Change search
CiteExportLink to record
Permanent link

Direct link
Cite
Citation style
  • apa
  • harvard1
  • ieee
  • modern-language-association-8th-edition
  • vancouver
  • Other style
More styles
Language
  • de-DE
  • en-GB
  • en-US
  • fi-FI
  • nn-NO
  • nn-NB
  • sv-SE
  • Other locale
More languages
Output format
  • html
  • text
  • asciidoc
  • rtf
Choosing Levels of Automation in Production Systems: Finding Critical and Supportive Factors
Jönköping University, School of Engineering, JTH, Industrial Engineering and Management. Jönköping University, School of Engineering, JTH. Research area Industrial Production. (Produktionssystem)
Jönköping University, School of Engineering, JTH, Industrial Engineering and Management. Jönköping University, School of Engineering, JTH. Research area Industrial Production. (Produktionssystem)ORCID iD: 0000-0003-3236-5648
2005 (English)In: Proceedings of the 12th International EurOMA Conference on Operations and Global Competitiveness, Budapest, Hungary, June 19-22, 2005, 2005, p. 1593-1601Conference paper, Published paper (Other academic)
Abstract [en]

Operation and strategic decision making becomes more complex and dynamic related to the performance of industrial companies. In this light, the choice of a suitable and right automation level becomes critical and is a non-trivial decision making process. The purpose of this paper is to present definitions of manufacturing strategy, operational flexibility and automation levels in manufacturing. Further, this paper discusses linkages between process technology life stages, manufacturing strategy and levels of automation. A framework presenting critical and supportive factors affected by the choice of level of automation both short and long term give the basics for designating responsibilities to different categories of manufacturing managers. The choice of automation levels can be seen from and should be considered within different dimensions: (1) process life cycle stage; (2) fit with manufacturing strategy; and (3) organizational level.

Place, publisher, year, edition, pages
2005. p. 1593-1601
Keywords [en]
Manufacturing strategy, levels of automation, framework
National Category
Production Engineering, Human Work Science and Ergonomics
Identifiers
URN: urn:nbn:se:hj:diva-6086OAI: oai:DiVA.org:hj-6086DiVA, id: diva2:36906
Available from: 2008-05-20 Created: 2008-05-20 Last updated: 2015-12-30Bibliographically approved
In thesis
1. Formulation of Automation Strategy in Manufacturing Systems: Developing a Methodology for Analysing and choosing Levels of Automation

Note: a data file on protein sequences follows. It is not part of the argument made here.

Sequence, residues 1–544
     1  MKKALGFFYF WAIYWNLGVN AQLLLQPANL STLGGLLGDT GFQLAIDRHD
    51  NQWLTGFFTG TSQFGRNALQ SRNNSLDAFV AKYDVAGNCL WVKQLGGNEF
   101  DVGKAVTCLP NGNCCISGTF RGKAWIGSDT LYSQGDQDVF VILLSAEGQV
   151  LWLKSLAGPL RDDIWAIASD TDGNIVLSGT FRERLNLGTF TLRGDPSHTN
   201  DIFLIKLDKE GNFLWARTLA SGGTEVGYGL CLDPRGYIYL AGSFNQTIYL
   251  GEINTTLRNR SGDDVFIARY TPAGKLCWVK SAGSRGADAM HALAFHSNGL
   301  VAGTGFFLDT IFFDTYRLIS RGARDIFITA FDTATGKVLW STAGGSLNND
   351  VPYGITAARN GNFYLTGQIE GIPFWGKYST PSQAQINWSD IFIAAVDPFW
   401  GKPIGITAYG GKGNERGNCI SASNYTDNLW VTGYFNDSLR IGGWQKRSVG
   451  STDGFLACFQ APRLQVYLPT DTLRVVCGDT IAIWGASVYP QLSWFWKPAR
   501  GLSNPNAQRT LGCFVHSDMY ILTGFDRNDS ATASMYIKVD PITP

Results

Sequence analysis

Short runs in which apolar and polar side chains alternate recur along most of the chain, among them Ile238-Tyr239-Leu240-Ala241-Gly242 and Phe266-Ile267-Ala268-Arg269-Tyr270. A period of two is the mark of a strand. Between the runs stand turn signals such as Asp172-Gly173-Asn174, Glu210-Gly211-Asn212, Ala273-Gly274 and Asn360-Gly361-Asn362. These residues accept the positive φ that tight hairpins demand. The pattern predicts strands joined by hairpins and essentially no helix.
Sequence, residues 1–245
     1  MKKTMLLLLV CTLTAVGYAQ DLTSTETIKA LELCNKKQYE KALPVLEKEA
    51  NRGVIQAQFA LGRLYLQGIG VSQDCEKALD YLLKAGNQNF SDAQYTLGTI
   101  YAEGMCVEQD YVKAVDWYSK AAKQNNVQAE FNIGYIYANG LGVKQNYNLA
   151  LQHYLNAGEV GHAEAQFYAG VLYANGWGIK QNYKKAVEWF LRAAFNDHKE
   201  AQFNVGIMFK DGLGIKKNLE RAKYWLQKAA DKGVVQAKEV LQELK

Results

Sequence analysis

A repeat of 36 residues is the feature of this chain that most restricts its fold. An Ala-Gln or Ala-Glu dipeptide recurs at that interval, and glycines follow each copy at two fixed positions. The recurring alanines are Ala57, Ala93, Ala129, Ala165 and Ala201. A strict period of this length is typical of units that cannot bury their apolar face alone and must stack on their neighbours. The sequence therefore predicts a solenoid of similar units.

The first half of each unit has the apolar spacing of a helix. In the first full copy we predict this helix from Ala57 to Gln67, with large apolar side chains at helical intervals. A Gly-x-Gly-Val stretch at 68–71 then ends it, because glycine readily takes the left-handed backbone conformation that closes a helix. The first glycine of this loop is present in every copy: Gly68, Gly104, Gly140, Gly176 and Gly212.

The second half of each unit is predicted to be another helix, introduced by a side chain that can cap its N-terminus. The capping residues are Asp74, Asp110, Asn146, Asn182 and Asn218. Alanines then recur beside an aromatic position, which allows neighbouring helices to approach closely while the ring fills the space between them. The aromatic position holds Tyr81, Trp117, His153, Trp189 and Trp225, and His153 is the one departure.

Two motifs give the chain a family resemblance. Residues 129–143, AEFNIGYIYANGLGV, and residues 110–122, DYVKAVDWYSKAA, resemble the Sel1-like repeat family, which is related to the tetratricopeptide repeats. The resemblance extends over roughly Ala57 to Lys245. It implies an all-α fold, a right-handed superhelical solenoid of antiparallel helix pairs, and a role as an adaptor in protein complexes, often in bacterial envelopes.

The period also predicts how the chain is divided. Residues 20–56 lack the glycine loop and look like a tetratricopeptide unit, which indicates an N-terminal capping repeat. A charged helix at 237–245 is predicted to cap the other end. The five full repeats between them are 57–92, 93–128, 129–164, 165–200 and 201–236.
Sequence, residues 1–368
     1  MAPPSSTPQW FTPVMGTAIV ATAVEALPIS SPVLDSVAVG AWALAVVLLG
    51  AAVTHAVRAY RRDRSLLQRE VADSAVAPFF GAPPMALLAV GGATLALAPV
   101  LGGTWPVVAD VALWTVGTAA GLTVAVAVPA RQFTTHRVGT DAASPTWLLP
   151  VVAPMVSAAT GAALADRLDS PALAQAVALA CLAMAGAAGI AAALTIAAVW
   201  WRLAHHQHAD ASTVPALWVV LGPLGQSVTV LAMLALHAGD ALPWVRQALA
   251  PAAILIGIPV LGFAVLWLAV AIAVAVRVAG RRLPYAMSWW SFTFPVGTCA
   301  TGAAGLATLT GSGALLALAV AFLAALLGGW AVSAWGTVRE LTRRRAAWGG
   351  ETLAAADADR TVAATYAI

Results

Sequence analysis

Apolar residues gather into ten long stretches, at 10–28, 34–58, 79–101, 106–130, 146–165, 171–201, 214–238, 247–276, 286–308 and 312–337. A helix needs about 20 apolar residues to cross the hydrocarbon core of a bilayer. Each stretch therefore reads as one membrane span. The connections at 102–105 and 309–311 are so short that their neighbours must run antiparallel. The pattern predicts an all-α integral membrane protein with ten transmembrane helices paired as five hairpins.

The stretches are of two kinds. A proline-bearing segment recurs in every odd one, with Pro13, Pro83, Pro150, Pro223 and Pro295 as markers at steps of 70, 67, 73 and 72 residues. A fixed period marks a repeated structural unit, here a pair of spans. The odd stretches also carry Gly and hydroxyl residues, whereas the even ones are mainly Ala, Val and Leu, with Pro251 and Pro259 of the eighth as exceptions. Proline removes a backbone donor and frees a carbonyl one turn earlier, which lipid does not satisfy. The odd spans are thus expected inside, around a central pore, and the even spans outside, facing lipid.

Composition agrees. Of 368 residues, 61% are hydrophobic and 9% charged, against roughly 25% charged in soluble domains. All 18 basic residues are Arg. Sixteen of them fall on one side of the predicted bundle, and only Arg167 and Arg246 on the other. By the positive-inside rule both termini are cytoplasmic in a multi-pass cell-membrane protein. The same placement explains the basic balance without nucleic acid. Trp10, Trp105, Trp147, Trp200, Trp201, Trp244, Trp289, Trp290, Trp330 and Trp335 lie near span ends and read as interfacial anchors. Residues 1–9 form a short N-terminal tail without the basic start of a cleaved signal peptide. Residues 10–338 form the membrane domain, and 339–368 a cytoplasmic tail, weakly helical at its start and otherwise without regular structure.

Open this publication in new window or tab >>Formulation of Automation Strategy in Manufacturing Systems: Developing a Methodology for Analysing and choosing Levels of Automation
2008 (English)Doctoral thesis, comprehensive summary (Other academic)
Abstract [en]

In the global environment where industrial enterprises strive for competitiveness, the ability to adjust quickly to changing conditions is important. This global industrial context challenges the companies to develop new capabilities. Capacity flexibility is an important measure of competitiveness and one important capability for improving productivity and effectiveness. Available resources contribute to capacity (output) and influence capacity flexibility. Thus, the way resources are managed is important. One way to manage resources within the manufacturing system is to choose resources that are the most suitable for the task performed by adopting task allocation. Task allocation between human and technology therefore becomes central for design of workplaces with optimal performance. This becomes the challenge of automation. However, to make the right decisions on automation and the skills required for the handling of tools and technology is a complex process of decision making for managers.

In the light of this, the objective of this thesis is to develop a methodology for analysing and choosing levels of automation with the purpose to formulate automation strategy in manufacturing systems. The analysis is based on measurement of levels of automation and alignment between levels of automation and the business and manufacturing strategies. The application area of the research is the manufacturing industry and in particular assembly lines or cells because of the mixture of human and technological resources.